Editor’s Note: The following contains spoilers for Blonde.
The superfluous biopic Blonde from director Andrew Dominik captured audiences in a frenzy of artistic appreciation and moral objections. Starring Ana de Armas as Marilyn Monroe, the film adapts the novel by Joyce Carol Oates. It is a visually stunning fictionalized chronicle of Monroe’s career and personal life, with a particular focus on her romantic relationships and her decline into complete alienation. What is pointedly missing from the film are Monroe’s countless achievements as well as her wit, cleverness, and dedication to her craft. Why omit such details that add layers of depth to a protagonist?
Dominik has clarified that this was not the angle that interested him, but rather to create a film that characterizes her as a symbol of our collective memory as opposed to committing her lasting legacy to film. Though this aids in an understanding as to why this film is so image-forward and underscores its brilliant use of color, recreations, and playful aspect ratios, it comes at a great cost. The portrait of Norma Jeane Baker that Dominik paints in Blonde is so narrowly focused that it ultimately lacks subtlety and balance, creating a dense and desensitizing profile of the character he’s conjured.
A Hard-Fought Career
If anything, this film might inspire some viewers to search for what bits of truth scatter the plot of Blonde, and in doing so, they might find that her career is much more a product of her commitment and hard work than we’re led to believe. Aside from creating her own production company or fighting against communist witch-hunts and segregation, it was reported that from the early stages of her career, Monroe was incredibly savvy. One could never tell from Blonde’s depiction, which is riddled with rape and torment, but Monroe owed much of her early success to her own tenacity. For the purposes of Blonde’s “angle,” that prideful characteristic has been stripped to further propel an already cemented narrative that Monroe was fragile and naive.
Filmmaker Karen McGann (Reframed: Marilyn Monroe) observes in an interview about her documentary series that Marilyn has become a character in a story told by other people, and the narrative that she is a victim is simply more convenient. Blonde serves the purpose of “feeding a cultural need” for this invented character to stay frozen in history forever, which is why any information that doesn’t fit that narrative is excluded. Monroe was notorious for her control over her own public image. The scene in the film where her nude photos are discovered is a perfect example of only half of the story being told to foster a biased representation. We see how her then-husband, “Ex-Athlete” (Bobby Cannavale as Joe DiMaggio), reacts violently, which is the awful truth of their relationship. But we don’t see how Marilyn was advised by her studio to deny these photos. Instead, she had the self-determination to schedule her own interview and address the public in a way that she thought would paint her in the best light. Again, this raises the question of why Dominik would only choose to incorporate characteristics into his film that paint Monroe as a feeble victim when in actuality, she was a changemaker in her industry.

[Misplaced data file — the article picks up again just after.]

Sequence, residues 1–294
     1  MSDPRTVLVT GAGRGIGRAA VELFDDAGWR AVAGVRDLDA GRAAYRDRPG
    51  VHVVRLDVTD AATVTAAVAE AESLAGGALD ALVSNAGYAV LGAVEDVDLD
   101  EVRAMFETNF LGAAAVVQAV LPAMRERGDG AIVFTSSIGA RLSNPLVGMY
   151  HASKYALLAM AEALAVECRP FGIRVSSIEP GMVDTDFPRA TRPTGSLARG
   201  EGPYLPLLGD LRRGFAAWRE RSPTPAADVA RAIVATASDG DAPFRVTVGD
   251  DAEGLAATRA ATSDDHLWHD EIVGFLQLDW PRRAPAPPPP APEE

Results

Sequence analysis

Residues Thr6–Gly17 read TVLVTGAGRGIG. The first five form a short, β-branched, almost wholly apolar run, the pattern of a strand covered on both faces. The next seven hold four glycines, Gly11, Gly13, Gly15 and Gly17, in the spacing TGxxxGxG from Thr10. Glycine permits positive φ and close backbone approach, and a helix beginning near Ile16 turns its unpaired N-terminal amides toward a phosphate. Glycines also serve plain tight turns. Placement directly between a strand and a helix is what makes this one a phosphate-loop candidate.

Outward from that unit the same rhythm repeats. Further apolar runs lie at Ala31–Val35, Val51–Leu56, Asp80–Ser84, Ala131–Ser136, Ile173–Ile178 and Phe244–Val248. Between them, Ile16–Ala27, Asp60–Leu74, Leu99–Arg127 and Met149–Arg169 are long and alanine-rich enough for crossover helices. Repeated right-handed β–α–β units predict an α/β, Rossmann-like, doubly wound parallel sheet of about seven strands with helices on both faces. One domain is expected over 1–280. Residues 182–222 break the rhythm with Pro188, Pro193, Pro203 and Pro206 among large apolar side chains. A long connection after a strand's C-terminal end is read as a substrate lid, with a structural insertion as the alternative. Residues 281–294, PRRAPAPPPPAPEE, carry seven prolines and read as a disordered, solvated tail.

These choices are as McGann says, convenient, but they are also incredibly damaging. Sweeping her boldness under the rug in favor of this manipulated character strips her of her hard-earned legacy and undermines her power as well as her contributions to Hollywood. To insinuate that the film industry chewed her up and spit her out is unequivocally false, and yet this is the impression we’re given.
A Feminist Perspective?
Once the floodgates had been opened for negative reviews, author Oates took to Twitter claiming that Dominik had told a story of sexual predation with sincerity in a post #MeToo era. The aftermath of #MeToo, however, has allowed us to recontextualize old information with new perspectives, not reinforce existing assumptions. This vital distinction is what sets the film apart from other, more astute reassessments of historical women’s trauma, even if it is a fictionalized tale. The way in which Monroe’s pain is displayed is widely regarded as exploitative, whereas others view its brashness as empathetic.